"If you meet the Buddha on the road, kill him."
The ninth-century sage Lin Chi gave this advice to one of his monks, admonishing him that this Buddha would only be a reflection of his unexamined beliefs and desires. Peter Manseau and Jeff Sharlet took Lin Chi's advice to heart and set out on a car trip around America, looking for Buddhas along the road and the people who meet them: prophets in G-strings dancing to pay the rent, storm chasers hunting for meaning in devastating tornados, gangbangers inking God on their bodies as protection from bullets, cross-dressing terrorist angels looking for a place to sing.
Along the way Manseau and Sharlet began to wonder what the traditional scripture they encountered everywhere -- in motels, on billboards, up and down the radio dial -- would look like remade for today's world. To find out, they called upon some of today's most intriguing writers to recast books of the Bible by taking them apart, blowing them up with ink and paper.
Rick Moody recasts Jonah as a modern-day gay Jewish man living in Queens. A.L. Kennedy meditates on the absurdity of Genesis. In Samuel, April Reynolds visits a man of tremendous vision in Harlem. Peter Trachtenberg unravels the Gordian logic of Job by way of the Borscht Belt. Haven Kimmel dives into Revelation and comes out in a swoon. Woven through these divine books are Manseau and Sharlet's dispatches from the road, their Psalms of the people.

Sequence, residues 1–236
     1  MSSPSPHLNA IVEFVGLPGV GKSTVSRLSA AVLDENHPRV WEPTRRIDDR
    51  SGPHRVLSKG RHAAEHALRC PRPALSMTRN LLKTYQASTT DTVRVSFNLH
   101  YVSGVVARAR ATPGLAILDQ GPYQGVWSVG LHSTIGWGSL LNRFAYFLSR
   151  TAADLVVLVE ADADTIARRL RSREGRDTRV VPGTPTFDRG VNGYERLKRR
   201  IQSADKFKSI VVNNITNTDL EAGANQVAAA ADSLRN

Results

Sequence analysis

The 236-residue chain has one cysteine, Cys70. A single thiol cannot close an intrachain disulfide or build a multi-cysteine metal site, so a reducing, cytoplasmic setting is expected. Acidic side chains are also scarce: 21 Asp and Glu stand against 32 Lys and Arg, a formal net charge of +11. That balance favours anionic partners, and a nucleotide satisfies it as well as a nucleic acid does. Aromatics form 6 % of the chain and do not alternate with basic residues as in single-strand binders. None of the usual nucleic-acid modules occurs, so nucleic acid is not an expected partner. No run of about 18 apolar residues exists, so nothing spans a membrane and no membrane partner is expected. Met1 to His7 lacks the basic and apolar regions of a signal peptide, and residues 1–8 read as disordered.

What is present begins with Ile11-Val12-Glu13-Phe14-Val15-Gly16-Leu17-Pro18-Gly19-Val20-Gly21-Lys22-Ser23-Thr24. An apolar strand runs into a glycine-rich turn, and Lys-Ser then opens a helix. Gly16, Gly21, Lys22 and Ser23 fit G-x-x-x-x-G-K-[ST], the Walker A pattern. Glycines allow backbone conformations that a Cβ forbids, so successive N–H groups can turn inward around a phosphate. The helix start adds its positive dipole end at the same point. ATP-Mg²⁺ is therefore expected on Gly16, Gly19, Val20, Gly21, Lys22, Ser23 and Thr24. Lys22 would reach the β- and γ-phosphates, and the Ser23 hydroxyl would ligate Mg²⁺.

What emerges from this work of calling is not an attack on any religion, but a many-colored, positively riveting look at the facets of true belief. Together these curious minds tell the strange, funny, sad, and true story of religion in America for the spiritual seeker in all of us: A Heretic's Bible.
The set-up goes like this: take two religiously flippant intellectuals (in this case, Manseau and Sharlet, the founding editors of the spiritually hip online magazine Killing the Buddha) and send them on a yearlong road trip to discover the underbelly of America's religious culture. Make sure they mingle with the most wild and weird of holy rollers a philosophical stripper working out of a converted Baptist church in Nashville, a one-eyed rodeo preacher from the "Cowboy Church" of Texas, a clan of bloodthirsty Jesus freaks in Florida and a cross-dressing terrorist from North Carolina badly in need of an exorcism. Take all these "true" stories, turn them into the "Bible's Book of Psalms," and alternate them with 13 freshly imagined "books" of the Bible, written by iconic American writers such as Rick Moody, Peter Trachtenberg and Haven Kimmel and, voila, a heretic's Bible is born. Each of the 13 contributors was offered "a solo, a single book from the Bible to be remade, revealed, replaced, inverted, perverted, or born again, however the spirit so led them." The writers came up with seven nonfiction books (e.g., in "Exodus" Francine Prose draws upon her childhood to explain why she can no longer stomach seders) and six books of pure fiction. "Like the original, this Bible crosses freely between genres, between history and prophecy, confession and myth," according to Manseau and Sharlet. As disjointed and freakish as this biblical sequel sounds, the editors manage to pull off a most impressive work. This is some of the most original and insightful spiritual writing to come out of America since Jack Kerouac first hit the road.